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Although the majority of the 88 Queensway Group’s activities are concentrated in Angola, it also was active in Argentina, Congo-Brazzaville, and Venezuela by 2005. The Group steadily has expanded its global operations since 2007 and is now active in Africa, Latin America, Southeast Asia, and the United States. Some of its recent operations include:

• the construction of an airport terminal in Tanzania and acquisition of 49 percent of Air Tanzania in 2008;
• the purchase of the JP Morgan Chase Building in Manhattan, 49 percent of the former New York Times Building, and 49 percent of the Clock Tower in Manhattan for $710 million in August 2008;
• the procurement of a $200 million stake in an oil and gas field in Indonesia in 2009; and
• the acquisition of 9.1 percent of a major construction and civil engineering firm in Singapore. Evidence also suggests that the Group could be active in Cote d’Ivoire, Mozambique, Nigeria, North Korea, and Russia.

Key Findings:
Although the 88 Queensway Group is portrayed to the public (and accepted publicly) as a private Hong Kong-based company with no government affiliation, some evidence suggests that several of the Group’s personnel are connected to the Ministry of Public Security or the Ministry of State Security.

The Chinese Ministry of Foreign Affairs’ (MFA) support for the 88 Queensway Group has been inconsistent, and recently the MFA has taken steps in its public statements to distance itself from the activities and companies associated with the 88 Queensway Group.

In the majority of the countries in which the Group is active, it has established and cultivated relationships with foreign entrepreneurs, businesspeople, or consultants who are already wellestablished in the target sector or market.

The paucity of public information about the professional and personal backgrounds of the 88 Queensway Group’s key personnel prior to 2003 prevents a solid conclusion about whether or not the Group is an operation controlled by the Chinese government.

The case of the 88 Queensway Group demonstrates that there is a diverse set of actors involved in China’s “going out” strategy. For example, in Angola, Chinese government agencies, stateowned enterprises, and private investors are active in Angola’s energy and infrastructure sectors. Angola has received delegations from various Chinese government agencies; loans from three Chinese policy banks; and investments from numerous Chinese state-owned companies. On top of this, the 88 Queensway Group has created a financing structure for projects in Angola’s construction sector which is comparable to, but separate from, the China Ex-Im Bank credit lines.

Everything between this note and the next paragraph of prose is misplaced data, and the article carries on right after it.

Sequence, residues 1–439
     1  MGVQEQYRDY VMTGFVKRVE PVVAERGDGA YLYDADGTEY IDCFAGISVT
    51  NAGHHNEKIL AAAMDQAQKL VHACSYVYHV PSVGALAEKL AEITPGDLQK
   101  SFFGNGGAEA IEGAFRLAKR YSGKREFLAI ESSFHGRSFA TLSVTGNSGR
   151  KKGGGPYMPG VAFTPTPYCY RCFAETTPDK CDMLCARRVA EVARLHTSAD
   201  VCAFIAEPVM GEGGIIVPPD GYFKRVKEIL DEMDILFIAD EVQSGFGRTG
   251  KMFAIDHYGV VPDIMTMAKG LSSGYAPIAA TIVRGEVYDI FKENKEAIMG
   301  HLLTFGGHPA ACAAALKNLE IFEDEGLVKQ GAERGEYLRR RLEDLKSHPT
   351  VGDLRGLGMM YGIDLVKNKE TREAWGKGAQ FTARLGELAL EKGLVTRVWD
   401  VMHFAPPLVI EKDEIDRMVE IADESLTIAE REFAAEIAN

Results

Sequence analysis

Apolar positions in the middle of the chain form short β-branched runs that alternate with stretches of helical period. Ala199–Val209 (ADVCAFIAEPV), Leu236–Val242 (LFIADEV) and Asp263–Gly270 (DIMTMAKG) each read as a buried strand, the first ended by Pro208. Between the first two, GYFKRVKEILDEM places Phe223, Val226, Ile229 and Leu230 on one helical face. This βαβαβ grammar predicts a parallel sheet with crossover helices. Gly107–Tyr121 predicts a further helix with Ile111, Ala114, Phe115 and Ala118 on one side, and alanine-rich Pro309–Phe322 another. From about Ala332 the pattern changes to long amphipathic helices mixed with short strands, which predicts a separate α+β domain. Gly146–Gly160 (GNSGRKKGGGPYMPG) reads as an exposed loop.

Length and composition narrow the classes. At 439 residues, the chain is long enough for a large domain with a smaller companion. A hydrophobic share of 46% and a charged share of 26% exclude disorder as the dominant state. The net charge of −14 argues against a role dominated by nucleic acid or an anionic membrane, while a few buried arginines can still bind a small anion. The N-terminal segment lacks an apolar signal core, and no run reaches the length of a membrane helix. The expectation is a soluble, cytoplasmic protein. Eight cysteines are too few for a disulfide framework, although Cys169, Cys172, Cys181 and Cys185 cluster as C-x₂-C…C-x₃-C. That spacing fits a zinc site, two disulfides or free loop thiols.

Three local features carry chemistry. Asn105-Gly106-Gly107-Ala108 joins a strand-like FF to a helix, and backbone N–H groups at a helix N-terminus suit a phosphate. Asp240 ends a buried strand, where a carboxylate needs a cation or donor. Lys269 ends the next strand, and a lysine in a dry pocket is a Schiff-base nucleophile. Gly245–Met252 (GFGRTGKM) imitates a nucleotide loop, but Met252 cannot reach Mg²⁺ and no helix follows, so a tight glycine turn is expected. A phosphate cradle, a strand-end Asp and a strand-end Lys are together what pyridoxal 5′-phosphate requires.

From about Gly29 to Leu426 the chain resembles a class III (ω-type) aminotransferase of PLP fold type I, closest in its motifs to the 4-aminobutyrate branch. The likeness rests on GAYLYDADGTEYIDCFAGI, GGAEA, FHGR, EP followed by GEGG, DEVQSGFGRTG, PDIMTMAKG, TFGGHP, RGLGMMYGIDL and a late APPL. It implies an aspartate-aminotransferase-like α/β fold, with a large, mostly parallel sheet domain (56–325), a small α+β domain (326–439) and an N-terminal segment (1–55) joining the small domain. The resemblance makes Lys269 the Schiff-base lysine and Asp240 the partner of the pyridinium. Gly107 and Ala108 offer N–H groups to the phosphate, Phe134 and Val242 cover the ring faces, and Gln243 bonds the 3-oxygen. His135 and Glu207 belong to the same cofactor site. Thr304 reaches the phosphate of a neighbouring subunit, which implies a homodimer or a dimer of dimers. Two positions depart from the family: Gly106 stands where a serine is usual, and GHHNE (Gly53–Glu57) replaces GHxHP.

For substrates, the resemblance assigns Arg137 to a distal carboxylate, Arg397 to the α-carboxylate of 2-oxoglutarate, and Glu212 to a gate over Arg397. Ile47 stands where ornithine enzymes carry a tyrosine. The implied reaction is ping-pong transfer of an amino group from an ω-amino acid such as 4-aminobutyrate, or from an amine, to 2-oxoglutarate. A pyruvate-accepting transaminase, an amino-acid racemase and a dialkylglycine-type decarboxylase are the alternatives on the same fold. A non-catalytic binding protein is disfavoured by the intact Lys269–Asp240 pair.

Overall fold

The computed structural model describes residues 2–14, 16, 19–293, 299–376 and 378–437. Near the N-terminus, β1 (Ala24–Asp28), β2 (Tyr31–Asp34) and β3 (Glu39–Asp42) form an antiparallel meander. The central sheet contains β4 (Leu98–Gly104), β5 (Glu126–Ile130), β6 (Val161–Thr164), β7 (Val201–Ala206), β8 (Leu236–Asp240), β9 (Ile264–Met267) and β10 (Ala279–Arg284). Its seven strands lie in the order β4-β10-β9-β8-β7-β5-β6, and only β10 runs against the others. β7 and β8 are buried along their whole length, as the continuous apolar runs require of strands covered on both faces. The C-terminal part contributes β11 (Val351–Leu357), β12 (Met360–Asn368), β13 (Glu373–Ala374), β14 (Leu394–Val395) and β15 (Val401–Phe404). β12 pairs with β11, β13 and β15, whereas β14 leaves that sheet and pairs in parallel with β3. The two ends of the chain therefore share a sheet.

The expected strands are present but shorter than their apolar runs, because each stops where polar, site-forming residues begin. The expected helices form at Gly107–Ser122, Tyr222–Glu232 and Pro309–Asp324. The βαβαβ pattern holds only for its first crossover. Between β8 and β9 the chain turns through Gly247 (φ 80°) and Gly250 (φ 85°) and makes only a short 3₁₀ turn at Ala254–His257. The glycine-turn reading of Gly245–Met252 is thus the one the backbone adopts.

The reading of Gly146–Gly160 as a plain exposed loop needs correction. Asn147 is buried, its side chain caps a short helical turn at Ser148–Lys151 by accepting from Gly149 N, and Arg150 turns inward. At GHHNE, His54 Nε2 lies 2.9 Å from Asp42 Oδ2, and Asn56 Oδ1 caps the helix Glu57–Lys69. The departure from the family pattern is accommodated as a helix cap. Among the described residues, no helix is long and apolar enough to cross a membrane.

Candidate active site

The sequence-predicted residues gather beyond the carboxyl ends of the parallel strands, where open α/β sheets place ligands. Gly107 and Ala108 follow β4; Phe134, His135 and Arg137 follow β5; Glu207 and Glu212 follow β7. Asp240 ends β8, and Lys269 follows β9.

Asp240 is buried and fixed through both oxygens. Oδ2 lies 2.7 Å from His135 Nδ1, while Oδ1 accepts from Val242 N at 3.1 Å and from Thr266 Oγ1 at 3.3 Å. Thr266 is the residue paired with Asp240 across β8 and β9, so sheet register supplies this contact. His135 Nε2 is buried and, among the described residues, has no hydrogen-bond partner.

Often, analysts view China as a monolithic actor, with one strategy applying to all facets of its international relationships. However, the case of the 88 Queensway Group demonstrates that Chinese investments and relationships are far more complex, involving different layers of ministries, state-owned enterprises, and individual actors.

The lack of transparency and public accountability surrounding the 88 Queensway Group is a major concern for the United States. By posing as a private firm, the Group creates numerous companies within a complicated organizational structure to invest globally, thereby enabling the

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Group to acquire assets unnoticed. The 88 Queensway Group’s purchase of high-profile real estate assets in the United States underscores the importance of identifying the extent of the Group’s connections to the Chinese intelligence community, the public security apparatus, and state-owned enterprises.

If U.S. efforts to promote development and democratization in Africa and Latin America are to advance, it is essential that the United States understands the complete narrative of Chinese investments in Africa and who is controlling these investments.